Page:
# Go Outside the Norm with Nonparametric Statistics

All statistical tests are derived on the basis of some assumptions about your data, and most of the classical significance tests (such as Student t tests, analysis of variance, and regression tests) assume that your data is distributed according to some classical frequency distribution (most commonly the normal distribution).

Because the classic distribution functions are all written as mathematical expressions involving parameters (like means and standard deviation), they're called *parametric* distribution functions, and tests that assume your data conforms to a parametric distribution function are called parametric tests. Because the normal distribution is the most common statistical distribution, the term *par**a**metric test* is most often used to mean a test that assumes normally distributed data.

But sometimes your data isn't parametric. For example, you may not want to assume that your data is normally distributed because it may be very noticeably skewed, as shown in part a of the figure.

Sometimes, you may be able to perform some kind of transformation of your data to make it more normally distributed. For example, many variables that have a skewed distribution can be turned into normally distributed numbers by taking logarithms, as shown in part b. If, by trial and error, you can find some kind of transformation that normalizes your data, you can run the classical tests on the transformed data.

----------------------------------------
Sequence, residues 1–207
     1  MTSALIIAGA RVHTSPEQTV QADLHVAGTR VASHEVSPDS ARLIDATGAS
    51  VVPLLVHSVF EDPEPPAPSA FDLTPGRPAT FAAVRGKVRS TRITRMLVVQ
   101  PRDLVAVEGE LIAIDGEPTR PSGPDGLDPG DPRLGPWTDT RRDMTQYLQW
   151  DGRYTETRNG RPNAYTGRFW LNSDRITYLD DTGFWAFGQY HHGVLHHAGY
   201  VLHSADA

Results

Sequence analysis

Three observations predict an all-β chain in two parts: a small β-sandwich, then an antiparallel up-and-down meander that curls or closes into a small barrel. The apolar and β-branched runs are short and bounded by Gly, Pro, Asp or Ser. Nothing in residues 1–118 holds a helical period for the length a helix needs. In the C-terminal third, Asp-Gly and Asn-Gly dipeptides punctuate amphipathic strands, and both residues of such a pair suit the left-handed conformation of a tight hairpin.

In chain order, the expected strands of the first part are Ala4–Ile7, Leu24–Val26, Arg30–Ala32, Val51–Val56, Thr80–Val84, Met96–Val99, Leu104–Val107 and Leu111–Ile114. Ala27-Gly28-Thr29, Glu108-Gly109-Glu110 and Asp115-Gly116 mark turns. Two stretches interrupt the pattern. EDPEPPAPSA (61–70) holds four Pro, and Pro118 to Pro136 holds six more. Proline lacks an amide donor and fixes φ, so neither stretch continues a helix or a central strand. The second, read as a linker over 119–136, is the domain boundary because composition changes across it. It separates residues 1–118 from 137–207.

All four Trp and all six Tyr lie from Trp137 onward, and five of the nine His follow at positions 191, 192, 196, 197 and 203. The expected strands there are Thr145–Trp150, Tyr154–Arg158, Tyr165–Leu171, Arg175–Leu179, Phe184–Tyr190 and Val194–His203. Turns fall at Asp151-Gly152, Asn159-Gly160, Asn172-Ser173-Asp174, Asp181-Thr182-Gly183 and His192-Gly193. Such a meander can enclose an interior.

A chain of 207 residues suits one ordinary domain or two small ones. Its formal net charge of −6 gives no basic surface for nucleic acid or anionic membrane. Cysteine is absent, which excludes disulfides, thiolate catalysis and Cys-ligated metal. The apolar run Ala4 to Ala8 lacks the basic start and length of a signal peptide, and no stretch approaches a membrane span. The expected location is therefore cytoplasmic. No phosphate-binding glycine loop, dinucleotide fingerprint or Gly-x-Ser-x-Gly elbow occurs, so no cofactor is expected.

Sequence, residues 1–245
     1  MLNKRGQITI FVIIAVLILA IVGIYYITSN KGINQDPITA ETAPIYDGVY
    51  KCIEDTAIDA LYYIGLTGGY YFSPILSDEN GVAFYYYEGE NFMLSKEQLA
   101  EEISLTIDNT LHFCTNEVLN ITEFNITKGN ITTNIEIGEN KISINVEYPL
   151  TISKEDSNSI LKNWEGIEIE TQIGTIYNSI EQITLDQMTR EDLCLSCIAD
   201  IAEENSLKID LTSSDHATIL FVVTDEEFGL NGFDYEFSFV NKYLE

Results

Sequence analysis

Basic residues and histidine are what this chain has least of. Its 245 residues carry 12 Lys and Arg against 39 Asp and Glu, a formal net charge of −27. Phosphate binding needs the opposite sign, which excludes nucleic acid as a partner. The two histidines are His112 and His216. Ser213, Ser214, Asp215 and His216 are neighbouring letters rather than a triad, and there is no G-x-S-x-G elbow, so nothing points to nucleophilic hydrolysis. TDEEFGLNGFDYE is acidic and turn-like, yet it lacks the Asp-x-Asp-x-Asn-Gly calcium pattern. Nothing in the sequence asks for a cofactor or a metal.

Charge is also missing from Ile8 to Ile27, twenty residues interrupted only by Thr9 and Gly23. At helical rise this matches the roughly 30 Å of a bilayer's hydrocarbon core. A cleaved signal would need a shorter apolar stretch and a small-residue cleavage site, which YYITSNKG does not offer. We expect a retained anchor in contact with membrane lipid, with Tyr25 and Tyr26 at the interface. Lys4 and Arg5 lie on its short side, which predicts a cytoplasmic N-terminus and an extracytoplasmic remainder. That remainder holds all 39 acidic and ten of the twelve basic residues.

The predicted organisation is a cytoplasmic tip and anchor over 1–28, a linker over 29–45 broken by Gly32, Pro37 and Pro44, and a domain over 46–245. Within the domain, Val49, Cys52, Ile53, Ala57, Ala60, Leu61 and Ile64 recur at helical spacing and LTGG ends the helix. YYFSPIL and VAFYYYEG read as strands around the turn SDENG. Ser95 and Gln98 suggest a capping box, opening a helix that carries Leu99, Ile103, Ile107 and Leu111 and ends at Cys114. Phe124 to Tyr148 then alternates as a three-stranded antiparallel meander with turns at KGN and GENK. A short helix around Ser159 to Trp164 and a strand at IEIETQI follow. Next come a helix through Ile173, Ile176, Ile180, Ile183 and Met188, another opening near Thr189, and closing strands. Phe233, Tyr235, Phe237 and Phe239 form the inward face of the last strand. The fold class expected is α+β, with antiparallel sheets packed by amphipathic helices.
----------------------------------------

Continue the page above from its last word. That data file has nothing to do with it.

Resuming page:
But sometimes your data is stubbornly abnormal, and you can't use the parametric tests. Fortunately, statisticians have developed special tests that don't assume normally distributed data; these are (not surprisingly) called nonparametric tests. Most of the common classic parametric tests have nonparametric counterparts.

As you may expect, the most widely known and commonly used nonparametric tests are those that correspond to the most widely known and commonly used classical tests.

Classic Parametric Test | Nonparametric Equivalent |
---|---|

One-group or paired Student t test | Sign test; Wilcoxon signed-ranks test |

Two-group Student t test | Wilcoxon sum-of-ranks test; Mann-Whitney U test |

One-way ANOVA | Kruskal-Wallis test |

Pearson Correlation test | Spearman Rank Correlation test |

Most nonparametric tests involve first sorting your data values, from lowest to highest, and recording the rank of each measurement (the lowest value has a rank of 1, the next highest value a rank of 2, and so on). All subsequent calculations are done with these ranks rather than with the actual data values.

Although nonparametric tests don't assume normality, they do make certain assumptions about your data. For example, many nonparametric tests assume that you don't have any tied values in your data set (in other words, no two subjects have exactly the same values). Most parametric tests incorporate adjustments for the presence of ties, but this weakens the test and makes the results nonexact.

Even in descriptive statistics, the common parameters have nonparametric counterparts. Although means and standard deviations can be calculated for any set of numbers, they're most useful for summarizing data when the numbers are normally distributed. When you don't know how the numbers are distributed, medians and quartiles are much more useful as measures of central tendency and dispersion.